Home Affordability Modification Program (“HAMP”)

Home Affordability Modification Program (“HAMP”) Lender Incentives to Modify Mortgage Payments

The Home Affordability Modification Program (“HAMP”) is the federal loan modification program designed to assist homeowners who can no longer afford their monthly mortgage payments. HAMP went into effect in 2009 as part of the Making Home Affordable Program and set out a series of standard guidelines for lenders to use when considering borrowers for loan modifications.

To participate in modification through HAMP, a number of eligibility criteria must be met:

  • Loan must have been made on or before January 1, 2009.
  • Property must be an owner-occupied primary residence, up to a maximum of 4 units.
  • Unpaid principal balance on the loan for a single family residence cannot exceed $729,750.
  • Monthly loan payment, including taxes, insurance and homeowners association dues, must exceed 31% of borrower’s gross monthly income.
  • Borrower must have a documented financial hardship.
  • The servicer must participate in HAMP.

Servicers of loans are provided financial incentives by the government to modify monthly payments to 31% of the borrower’s monthly gross income. The monthly payment includes principal and interest payments on the first loan, as well as taxes, insurance, and association fees, if applicable. Borrowers do not have to be in default on their mortgage payments in order to be considered for HAMP modification. Lenders have three tools at their disposal to reduce monthly payments:

  1. Lower the Interest Rate. Incentives encourage servicers to reduce the interest rate on the loan to as low as 2%.
  2. Extend the Term. If interest rate reduction alone does not lower borrower’s payment to 31% of gross monthly income, the servicer may extend the term of the loan, up to a maximum of 40 years.
  3. Forbear Principal. If a lower interest rate and extended term do not bring monthly payments down to a low enough level, a portion of the principal balance of the loan may be deferred until the loan maturity date.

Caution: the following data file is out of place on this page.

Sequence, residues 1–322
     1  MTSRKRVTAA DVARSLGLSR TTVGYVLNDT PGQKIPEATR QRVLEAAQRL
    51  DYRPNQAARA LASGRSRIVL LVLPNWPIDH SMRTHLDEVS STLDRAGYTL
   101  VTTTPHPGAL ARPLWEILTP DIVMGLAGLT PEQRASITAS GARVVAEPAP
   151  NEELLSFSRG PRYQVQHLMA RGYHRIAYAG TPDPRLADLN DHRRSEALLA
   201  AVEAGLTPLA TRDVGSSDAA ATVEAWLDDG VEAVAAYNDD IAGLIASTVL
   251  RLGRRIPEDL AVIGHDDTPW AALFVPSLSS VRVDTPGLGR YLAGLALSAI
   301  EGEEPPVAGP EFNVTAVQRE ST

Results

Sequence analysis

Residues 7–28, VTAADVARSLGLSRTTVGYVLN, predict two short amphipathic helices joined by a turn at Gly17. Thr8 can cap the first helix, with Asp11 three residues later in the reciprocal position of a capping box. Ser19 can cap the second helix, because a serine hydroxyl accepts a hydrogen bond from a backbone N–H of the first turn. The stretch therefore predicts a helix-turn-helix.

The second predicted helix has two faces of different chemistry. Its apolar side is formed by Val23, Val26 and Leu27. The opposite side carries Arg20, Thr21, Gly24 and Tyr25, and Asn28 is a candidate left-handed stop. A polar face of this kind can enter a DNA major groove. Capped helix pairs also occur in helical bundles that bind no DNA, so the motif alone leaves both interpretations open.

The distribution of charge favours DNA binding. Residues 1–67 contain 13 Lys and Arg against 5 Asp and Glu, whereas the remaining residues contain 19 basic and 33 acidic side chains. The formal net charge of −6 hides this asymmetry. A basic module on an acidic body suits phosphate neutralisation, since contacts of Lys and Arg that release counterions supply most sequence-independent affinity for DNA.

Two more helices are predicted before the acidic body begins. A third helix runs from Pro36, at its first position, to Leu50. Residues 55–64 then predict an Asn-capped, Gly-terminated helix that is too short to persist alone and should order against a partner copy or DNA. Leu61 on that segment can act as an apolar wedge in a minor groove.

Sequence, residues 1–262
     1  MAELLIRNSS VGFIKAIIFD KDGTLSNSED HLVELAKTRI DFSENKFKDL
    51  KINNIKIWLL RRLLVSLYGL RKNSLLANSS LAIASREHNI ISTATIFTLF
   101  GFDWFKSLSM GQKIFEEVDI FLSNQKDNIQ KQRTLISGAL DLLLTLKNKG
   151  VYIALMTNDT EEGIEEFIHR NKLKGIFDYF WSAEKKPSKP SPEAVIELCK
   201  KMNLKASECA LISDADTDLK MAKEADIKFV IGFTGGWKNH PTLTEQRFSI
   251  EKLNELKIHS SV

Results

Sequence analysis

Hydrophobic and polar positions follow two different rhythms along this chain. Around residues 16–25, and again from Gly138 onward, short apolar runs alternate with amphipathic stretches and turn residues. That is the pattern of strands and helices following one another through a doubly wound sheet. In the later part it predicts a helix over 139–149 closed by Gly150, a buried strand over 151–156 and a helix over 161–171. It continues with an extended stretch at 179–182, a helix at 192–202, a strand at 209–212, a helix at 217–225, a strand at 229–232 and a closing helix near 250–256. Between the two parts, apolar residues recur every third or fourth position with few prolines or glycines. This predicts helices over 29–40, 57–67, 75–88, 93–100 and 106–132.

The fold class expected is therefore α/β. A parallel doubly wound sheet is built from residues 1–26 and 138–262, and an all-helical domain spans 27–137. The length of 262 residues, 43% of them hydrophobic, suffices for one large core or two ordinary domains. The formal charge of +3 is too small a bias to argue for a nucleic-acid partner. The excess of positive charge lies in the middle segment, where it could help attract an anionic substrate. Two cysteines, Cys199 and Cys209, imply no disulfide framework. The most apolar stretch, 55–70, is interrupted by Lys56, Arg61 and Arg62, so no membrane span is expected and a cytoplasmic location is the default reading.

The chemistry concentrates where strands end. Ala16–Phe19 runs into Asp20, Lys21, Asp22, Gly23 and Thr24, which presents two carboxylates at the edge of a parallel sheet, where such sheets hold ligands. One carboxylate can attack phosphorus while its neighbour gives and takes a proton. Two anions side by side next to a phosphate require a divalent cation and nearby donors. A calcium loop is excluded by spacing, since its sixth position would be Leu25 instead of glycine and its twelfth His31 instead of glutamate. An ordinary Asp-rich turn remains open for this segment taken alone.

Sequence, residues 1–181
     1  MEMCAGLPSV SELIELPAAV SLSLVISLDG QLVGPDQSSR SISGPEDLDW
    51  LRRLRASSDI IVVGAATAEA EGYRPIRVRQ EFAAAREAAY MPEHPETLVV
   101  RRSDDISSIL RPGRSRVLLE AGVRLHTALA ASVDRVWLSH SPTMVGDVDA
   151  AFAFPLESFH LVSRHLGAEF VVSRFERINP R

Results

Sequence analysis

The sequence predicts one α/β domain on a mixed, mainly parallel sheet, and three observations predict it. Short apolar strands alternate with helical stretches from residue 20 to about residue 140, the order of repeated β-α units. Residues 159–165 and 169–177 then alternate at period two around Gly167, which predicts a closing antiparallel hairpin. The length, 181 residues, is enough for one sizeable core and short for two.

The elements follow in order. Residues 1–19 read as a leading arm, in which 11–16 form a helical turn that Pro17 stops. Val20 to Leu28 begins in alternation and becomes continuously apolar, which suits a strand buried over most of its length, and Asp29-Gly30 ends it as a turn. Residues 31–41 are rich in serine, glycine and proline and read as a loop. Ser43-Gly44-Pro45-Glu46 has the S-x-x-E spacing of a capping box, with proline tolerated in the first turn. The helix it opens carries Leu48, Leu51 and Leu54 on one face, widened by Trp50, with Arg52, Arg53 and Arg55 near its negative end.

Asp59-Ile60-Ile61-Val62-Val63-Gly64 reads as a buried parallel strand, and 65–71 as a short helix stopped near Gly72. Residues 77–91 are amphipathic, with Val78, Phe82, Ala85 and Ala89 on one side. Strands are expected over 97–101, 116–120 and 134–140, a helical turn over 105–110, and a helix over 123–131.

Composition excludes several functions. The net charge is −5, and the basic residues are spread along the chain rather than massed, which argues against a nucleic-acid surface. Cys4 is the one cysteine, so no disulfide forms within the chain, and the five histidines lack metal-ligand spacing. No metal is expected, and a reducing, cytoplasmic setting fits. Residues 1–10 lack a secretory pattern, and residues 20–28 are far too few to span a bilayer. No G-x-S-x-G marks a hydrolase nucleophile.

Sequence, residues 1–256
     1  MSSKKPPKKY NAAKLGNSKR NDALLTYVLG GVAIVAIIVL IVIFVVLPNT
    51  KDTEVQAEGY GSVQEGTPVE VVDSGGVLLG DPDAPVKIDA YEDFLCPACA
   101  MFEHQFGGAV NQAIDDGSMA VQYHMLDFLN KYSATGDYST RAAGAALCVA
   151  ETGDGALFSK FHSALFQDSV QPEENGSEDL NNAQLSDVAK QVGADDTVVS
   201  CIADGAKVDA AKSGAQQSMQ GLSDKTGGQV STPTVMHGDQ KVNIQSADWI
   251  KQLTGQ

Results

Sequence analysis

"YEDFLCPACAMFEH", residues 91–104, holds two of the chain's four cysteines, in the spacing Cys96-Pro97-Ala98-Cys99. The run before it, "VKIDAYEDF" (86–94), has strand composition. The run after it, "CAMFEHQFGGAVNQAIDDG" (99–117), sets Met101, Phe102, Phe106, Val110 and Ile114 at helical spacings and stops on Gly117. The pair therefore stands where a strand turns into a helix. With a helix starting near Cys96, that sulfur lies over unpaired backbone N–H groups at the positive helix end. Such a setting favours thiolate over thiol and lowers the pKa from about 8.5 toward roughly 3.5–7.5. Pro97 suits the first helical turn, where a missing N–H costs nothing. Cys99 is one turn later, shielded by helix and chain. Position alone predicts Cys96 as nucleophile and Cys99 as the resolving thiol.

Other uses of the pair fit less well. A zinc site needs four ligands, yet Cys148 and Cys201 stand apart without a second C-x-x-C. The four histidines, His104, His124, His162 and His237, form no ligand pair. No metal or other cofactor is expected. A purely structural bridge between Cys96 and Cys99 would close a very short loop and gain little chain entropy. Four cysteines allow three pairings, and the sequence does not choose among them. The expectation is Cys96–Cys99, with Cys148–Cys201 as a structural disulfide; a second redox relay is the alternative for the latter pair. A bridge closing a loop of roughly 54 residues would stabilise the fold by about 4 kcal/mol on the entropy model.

Borrowers that initially qualify for HAMP modification consideration will be offered a 90 day trial modification program. While the borrower is in the trial modification program, the lender will determine whether the borrower is a candidate for permanent modification. The lender’s analysis focuses on the results of a Net Present Value (“NPV”) test, which determines whether the value of the loan to the investor will be greater if the loan is modified. If a permanent modification solution is offered, servicers receive compensation in the form of up-front payments, success fees when loans are modified, and reimbursement for some percentage of the reduction amount. Junior lien holders are also provided financial incentives to modify loans where borrowers received modification assistance from their first lien holder.

Unfortunately, just because a borrower successfully completes a trial modification program does not mean they will necessarily be granted a permanent modification solution. However, those borrowers not offered permanent solutions now have other alternatives to avoid foreclosure pursuant to the Home Affordable Foreclosure Alternatives Program (“HAFA”). HAFA provides options for homeowners who cannot qualify for or fulfill the terms of modification programs by allowing them to sell or convey their property for less than the full amount owed on mortgage loans against the property.

Mike Smeenk is an attorney in the law firm of Frascona, Joiner, Goodman and Greenstein, P.C., a Colorado law firm. His practice areas includeEstate Planning, Trust and Estate Administration, Real Estate, and Corporations. Contact Mike Smeenk.

Disclaimer — Content is general information only. Information is not provided as advice for a specific matter, nor does its publication create an attorney-client relationship. Laws vary from one state to another. For legal advice on a specific matter, consult an attorney.

MICHAEL A. SMEENK